Brett Kvanaugh Scandal: Over 300 Protesters Arrested on Capitol Hill
Over 300 protesters against President Donald Trump’s Supreme Court nominee Brett Kavanaugh have been arrested in Washington, DC.
Comedian Amy Schumer and model Emily Ratajkowski were among 302 people held for demonstrating against Judge Kavanaugh.
On October 4, Republicans declared an FBI report had exonerated Brett Kavanaugh of assault allegations.
However, Democrats said the five-day inquiry was “incomplete” because it was limited by the White House.
The Senate will hold a procedural vote on Brett Kavanaugh on October 5.
The likelihood of Judge Kavanaugh winning a full Senate vote appeared to increase on October 4 after two Republicans whose backing will be essential gave a positive account of the FBI inquiry.
However, the confirmation is not a certainty, with several senators undecided and one at risk of missing a vote because he is attending his daughter’s wedding.
If confirmed to the lifetime position on America’s highest court, Brett Kavanaugh, 53, is expected to help conservatives dominate the nine-member panel, which has the final say on issues such as abortion, gun control and voting rules.
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As the vote neared, Brett Kavanaugh defended his neutrality in a Wall Street Journal editorial, saying he is an “independent, impartial judge”
Addressing his angry testimony to the Senate Judiciary Committee, where he branded the allegations against him an “orchestrated political hit”, Brett Kavanaugh wrote: “I know that my tone was sharp, and I said a few things I should not have said.”
Thousands of mainly female demonstrators marched through Washington DC on October 4, starting at the appeals court where Judge Kavanaugh currently presides.
They converged on Capitol Hill and held a rally outside the Supreme Court, chanting: “Kavanaugh has got to go!”
Police rounded the protesters up in a Senate office building after they sat down and refused to budge.
There was another protest in front of Trump Tower in NYC.
President Donald Trump and his fellow Republicans declared the FBI report had cleared their nominee, as they sounded increasingly confident Judge Kavanaugh would win confirmation.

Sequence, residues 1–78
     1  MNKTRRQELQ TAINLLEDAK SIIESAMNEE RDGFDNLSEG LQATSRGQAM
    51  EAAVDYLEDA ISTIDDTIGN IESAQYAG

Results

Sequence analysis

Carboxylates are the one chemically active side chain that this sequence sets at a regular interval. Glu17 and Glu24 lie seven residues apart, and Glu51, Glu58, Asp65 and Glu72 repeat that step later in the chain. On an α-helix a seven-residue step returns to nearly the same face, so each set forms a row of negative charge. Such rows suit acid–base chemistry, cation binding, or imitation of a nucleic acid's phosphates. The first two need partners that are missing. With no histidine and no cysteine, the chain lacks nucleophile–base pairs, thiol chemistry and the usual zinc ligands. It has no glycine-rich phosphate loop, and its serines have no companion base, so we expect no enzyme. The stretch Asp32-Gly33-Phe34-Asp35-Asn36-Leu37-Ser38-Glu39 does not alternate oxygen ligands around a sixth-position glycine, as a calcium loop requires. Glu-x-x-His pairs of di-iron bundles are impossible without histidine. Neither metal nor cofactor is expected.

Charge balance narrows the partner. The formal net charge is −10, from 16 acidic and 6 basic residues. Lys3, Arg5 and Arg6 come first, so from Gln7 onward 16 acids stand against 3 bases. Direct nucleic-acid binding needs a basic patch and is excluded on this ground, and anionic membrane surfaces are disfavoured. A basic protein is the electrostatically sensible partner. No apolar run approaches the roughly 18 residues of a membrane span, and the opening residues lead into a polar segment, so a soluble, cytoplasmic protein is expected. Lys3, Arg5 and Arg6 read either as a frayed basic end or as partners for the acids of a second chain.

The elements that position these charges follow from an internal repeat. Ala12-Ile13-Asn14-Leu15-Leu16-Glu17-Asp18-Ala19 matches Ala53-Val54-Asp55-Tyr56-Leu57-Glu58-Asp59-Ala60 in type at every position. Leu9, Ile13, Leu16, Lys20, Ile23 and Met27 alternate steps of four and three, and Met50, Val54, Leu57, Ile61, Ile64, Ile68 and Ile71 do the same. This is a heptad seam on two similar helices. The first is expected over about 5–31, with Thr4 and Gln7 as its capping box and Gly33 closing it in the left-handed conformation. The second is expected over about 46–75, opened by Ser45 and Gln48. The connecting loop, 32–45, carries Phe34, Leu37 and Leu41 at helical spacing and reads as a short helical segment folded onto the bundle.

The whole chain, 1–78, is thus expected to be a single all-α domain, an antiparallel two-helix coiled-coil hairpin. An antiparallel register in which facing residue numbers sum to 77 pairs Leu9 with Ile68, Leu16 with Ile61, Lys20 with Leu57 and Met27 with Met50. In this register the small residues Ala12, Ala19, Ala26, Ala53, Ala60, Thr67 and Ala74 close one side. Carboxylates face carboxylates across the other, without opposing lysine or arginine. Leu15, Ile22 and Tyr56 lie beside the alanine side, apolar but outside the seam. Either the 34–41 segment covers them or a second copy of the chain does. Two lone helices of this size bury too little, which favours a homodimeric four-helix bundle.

Senators said the FBI had spoken to five witnesses connected to accusations by Christine Blasey Ford, who alleges a drunken Brett Kavanaugh assaulted her in 1982.
Federal agents are also said to have spoken to four other witnesses involving a separate accusation by Deborah Ramirez, who claims Brett Kavanaugh exposed himself to her when they were both were at Yale University. The judge denies both allegations.
Senate Judiciary Committee chairman Chuck Grassley said in a statement: “This investigation found no hint of misconduct.”
Senate Republicans plan a procedural “cloture” vote at 10:30 on October 5, which is required to move to a final vote, scheduled on October 6 at around 17:30.
However, Democratic Senator Dianne Feinstein said the FBI report was “the product of an incomplete investigation”, saying key corroborating witnesses had been snubbed. Another Democratic Senator, Richard Blumenthal, told reporters it was a “whitewash”.
White House spokesman Raj Shah said: “What critics want is a never-ending fishing expedition into high school drinking.”
Republican Senator John Cornyn raised eyebrows by telling his party this was “our Atticus Finch moment”, a reference to the lawyer in classic novel To Kill A Mockingbird who refutes a false rape allegation.
Given that Republicans have a razor-thin 51-49 margin of control in the Senate, the party can potentially only afford one defection if it wants to confirm Judge Kavanaugh to the Supreme Court, assuming Democrats vote the same way.
Brett Kavanaugh’s nomination has been at the mercy of three wavering senators, but two of those – Jeff Flake and Susan Collins – appeared to respond positively to the FBI report.
Another wavering Republican senator, Lisa Murkowski of Alaska, reportedly met assault survivors in her office on October 4.
Complicating matters, the office of Republican Steve Daines said he was planning to attend his daughter’s wedding in Montana on October 6 – meaning he might not be around to vote, or that the vote may be held open until he can return to take part.
Another Republican, Cory Gardner, who previously said he would back Judge Brett Kavanaugh, is yet to decide how he will vote, the Denver Post reported.
A previously undecided Democratic Senator, Heidi Heitkamp, said she would vote against Judge Kavanaugh’s nomination, citing “concerns about his past conduct”.
Senator Joe Manchin of West Virginia, the only Democrat who remains undecided, said he would finish reading the FBI report on October 5.